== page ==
Our organization is doing everything that we can to support them and provide opportunities to share ideas and help reduce the stress they’re facing. We’re always reminding them always that their first obligation is the safety of their students and their staff.
Do you see some energy for change coming out of this incredibly difficult year and a half?
It’s a great opportunity to rethink education as we know it. Our society is very comfortable with disruption in business or technology, but this is the time to embrace some disruptive education. I think what we’re finally seeing because of the pandemic is an opportunity for school districts to leave behind the things they’ve always done and move toward the things that should be done in a 21st-century educational system.
The way we organize our schools by grade level, for example. Do all 10th graders learn the same way? No, of course not. But our schools are based on a 19th-century model, with everyone the same age learning in the same classroom. Or the requirement that school begin in September and end in June and have 180 days of instructional time; the requirement that kids be in school for a set number of hours to get credit; the idea that a classroom teacher sits in front of a room with 25 kids all day.
Let’s do away with all of these requirements. Let’s rethink the calendar, rethink the credit-hour model, and move to a community classroom situation—not just a teacher talking to 25 kids, but a teacher’s aide, a student teacher, an outside expert, all working alongside the teacher. Not a sage-on-the-stage model, but one where teachers are directors or engineers of a much richer learning process. Give students a greater voice, a greater engagement in their learning, and a lot more flexibility in how we deliver it. Change how the education process works to make it more in line with personalized learning for all of our students.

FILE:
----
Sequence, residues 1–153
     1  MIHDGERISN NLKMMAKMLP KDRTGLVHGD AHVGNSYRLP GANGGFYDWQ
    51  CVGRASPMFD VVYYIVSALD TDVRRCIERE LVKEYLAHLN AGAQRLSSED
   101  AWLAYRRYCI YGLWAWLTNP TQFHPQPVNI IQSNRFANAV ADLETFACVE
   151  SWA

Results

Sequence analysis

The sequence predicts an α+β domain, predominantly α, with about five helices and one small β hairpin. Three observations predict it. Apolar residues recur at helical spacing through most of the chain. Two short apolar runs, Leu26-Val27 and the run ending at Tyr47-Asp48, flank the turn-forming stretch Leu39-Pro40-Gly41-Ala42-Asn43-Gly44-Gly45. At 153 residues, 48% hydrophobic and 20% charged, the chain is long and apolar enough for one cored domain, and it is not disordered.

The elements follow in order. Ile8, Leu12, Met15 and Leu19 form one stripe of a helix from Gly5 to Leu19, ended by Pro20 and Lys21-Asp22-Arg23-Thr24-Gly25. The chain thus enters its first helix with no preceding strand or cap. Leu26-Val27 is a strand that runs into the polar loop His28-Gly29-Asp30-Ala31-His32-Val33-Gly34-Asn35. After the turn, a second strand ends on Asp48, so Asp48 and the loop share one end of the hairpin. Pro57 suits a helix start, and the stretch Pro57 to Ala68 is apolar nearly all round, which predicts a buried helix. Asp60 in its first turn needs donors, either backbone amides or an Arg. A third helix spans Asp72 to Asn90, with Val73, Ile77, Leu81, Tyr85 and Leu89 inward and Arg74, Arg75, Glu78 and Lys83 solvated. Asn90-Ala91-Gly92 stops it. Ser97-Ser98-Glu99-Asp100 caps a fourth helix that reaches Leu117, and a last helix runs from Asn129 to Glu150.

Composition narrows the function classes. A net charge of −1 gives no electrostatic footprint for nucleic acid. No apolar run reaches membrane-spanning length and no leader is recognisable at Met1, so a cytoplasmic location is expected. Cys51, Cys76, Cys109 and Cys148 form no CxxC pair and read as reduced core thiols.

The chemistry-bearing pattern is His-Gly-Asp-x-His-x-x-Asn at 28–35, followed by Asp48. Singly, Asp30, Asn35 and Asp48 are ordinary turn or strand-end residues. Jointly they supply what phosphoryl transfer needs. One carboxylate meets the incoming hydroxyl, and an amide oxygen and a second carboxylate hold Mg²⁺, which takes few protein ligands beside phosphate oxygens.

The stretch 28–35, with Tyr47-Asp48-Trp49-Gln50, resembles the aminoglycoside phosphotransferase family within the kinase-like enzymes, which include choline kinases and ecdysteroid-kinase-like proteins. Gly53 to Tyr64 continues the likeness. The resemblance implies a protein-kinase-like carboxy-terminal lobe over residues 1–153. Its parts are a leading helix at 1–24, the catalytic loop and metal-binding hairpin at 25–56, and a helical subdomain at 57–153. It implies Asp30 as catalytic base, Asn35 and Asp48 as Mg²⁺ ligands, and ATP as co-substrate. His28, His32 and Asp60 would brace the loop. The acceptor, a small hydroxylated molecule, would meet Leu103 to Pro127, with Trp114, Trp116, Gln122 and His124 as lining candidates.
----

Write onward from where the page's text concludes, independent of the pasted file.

That will mean revitalizing the education workforce. We have a serious teacher shortage in this country, and a serious shortage of teachers of color. We have a shortage of teachers from diverse families and backgrounds. It’s time to diversify the people and the work.
Superintendent Mark Benigni reacts to a coding project created by a computer science student in Meriden, Connecticut.
Has the experience of remote learning, moving classes online on a massive scale, opened any new possibilities for how school districts will use technology?
I think we made great progress on the thing that has prompted the most criticism, and that’s remote learning. We saw those programs grow and improve, and now a lot more districts offer virtual academies for students. There was a percentage of students that did really well with virtual learning—they can learn at their own pace, they can move as quickly as they want to move. That’s something a lot of districts want to preserve.